• Beware of using MSConfig. Using MSConfig as anything but a troubleshooting tool is considered dangerous by many in the IT field to long term computer stability. If you’re unsure of something do your research and don’t remove it until you know for sure you don’t need it. You can always uncheck it and come back later.
  • Download files from trustworthy sources. The developer’s page is best; P2P, newsgroups and anonymous file hosting sites are more likely to be infected with a virus.
  • Do not download any software which tells that they will speed up your computer. More downloads can also cause your computer to slow down as they (software) put more load on your PC’s processor and eat up its RAM.
  • Shut down your computer and disconnect all the cables from it prior to opening the case. This eliminates the chances of electrocution or damage to system components.
  • Do not use registry cleaners. Registry cleaners can be dangerous. They may seem legitimate, but after some amount of usage, they can fragment your registry. Leave them alone, if you feel that it must be cleaned up, make a backup and defragment afterwards. The registry does not need to be cleaned, so cleaning it can only result in nothing, or damage.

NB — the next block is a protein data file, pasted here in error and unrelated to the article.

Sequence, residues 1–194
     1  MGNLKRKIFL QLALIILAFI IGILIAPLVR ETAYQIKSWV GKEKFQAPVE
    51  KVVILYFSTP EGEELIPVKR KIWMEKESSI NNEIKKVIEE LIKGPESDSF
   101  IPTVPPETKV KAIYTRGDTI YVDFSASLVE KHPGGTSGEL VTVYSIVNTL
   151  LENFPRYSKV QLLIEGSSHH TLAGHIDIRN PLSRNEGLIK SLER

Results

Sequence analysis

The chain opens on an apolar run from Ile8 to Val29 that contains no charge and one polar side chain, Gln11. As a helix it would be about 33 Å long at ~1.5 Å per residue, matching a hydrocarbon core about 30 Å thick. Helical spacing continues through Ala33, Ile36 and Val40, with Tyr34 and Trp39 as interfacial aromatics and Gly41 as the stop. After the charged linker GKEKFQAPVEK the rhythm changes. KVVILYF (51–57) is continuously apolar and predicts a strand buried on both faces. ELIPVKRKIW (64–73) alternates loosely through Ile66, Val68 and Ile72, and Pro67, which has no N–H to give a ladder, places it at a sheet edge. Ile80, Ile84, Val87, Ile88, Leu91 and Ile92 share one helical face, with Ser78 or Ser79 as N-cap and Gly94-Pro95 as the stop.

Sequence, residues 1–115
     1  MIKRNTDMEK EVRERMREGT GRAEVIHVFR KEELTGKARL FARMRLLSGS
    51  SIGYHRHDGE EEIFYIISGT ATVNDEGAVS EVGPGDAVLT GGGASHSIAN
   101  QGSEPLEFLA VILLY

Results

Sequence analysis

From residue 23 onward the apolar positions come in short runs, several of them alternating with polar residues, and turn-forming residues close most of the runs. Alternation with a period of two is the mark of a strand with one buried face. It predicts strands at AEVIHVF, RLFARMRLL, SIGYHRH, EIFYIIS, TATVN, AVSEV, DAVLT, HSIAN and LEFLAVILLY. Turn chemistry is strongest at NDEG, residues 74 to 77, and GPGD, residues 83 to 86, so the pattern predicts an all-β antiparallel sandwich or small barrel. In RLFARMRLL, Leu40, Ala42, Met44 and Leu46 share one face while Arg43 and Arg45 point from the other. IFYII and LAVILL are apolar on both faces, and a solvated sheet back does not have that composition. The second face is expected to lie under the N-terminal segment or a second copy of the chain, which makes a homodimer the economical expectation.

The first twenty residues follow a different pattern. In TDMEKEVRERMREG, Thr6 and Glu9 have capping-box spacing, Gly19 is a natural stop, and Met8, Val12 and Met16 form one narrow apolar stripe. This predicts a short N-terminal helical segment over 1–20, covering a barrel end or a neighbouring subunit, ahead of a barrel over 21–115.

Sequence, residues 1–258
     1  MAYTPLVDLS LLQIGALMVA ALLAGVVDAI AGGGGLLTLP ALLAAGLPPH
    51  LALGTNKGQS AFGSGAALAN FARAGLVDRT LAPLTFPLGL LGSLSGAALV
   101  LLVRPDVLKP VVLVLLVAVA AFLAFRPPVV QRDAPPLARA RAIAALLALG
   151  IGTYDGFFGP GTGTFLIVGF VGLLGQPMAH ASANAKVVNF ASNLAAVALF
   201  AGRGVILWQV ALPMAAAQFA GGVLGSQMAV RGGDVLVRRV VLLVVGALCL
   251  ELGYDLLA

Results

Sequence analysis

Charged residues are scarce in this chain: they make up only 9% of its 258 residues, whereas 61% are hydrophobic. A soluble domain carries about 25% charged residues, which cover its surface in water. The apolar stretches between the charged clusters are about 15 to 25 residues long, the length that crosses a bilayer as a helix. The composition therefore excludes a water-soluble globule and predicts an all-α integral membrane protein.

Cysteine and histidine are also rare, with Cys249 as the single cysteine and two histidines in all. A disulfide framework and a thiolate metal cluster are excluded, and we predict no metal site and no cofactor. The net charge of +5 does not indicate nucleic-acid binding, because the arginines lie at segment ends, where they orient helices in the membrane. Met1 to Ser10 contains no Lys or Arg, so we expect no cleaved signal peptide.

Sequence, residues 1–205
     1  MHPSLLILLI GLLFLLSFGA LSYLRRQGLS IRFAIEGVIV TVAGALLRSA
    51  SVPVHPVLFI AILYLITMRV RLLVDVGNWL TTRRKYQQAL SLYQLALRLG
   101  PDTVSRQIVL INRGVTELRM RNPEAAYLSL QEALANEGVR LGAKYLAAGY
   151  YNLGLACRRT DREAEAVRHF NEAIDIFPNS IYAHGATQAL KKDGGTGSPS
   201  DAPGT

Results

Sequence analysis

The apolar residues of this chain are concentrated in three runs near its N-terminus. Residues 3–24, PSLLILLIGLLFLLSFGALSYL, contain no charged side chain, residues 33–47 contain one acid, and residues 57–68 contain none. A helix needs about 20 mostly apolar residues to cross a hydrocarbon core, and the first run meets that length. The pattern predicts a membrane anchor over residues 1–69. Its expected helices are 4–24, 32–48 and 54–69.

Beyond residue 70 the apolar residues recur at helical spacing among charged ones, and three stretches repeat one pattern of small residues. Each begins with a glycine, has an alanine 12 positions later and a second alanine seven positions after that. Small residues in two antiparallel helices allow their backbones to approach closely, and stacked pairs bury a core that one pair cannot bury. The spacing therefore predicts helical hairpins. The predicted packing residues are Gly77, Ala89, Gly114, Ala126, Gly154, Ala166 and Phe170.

Other things to try ….
Run “Error Checking” on all hard drives.

Right-click a drive icon in “My Computer” and select “Properties” followed by “Tools”. Choose “Error Checking” to let the utility scan the drive for damaged files that can contribute to slow drive access speeds. This process may take several minutes to hours or more to complete. Warning: Do not do this if you have an SSD. (solid-state drive)

Run “De-fragment” on all hard drives.

Right-click a drive icon in “My Computer” and select “Properties” followed by “Tools”. Choose “De-fragment” to let the utility clean up fragmented files and consolidate free space on the drive. Note: this is not needed on an SSD drive. This process may take anywhere from several minutes to hours or more to complete depending on size of the drive(s) and amount of unused capacity or free space. Consider starting the defragment process so that it will run overnight or prior to logging off. You may have to disable your screensaver as well.  After completion the speed of hard drive read and writes times may improve significantly. Warning: Defragmenting an SSD will yield no performance gains, and can actually damage the SSD.

Set your computer’s energy settings to High Performance.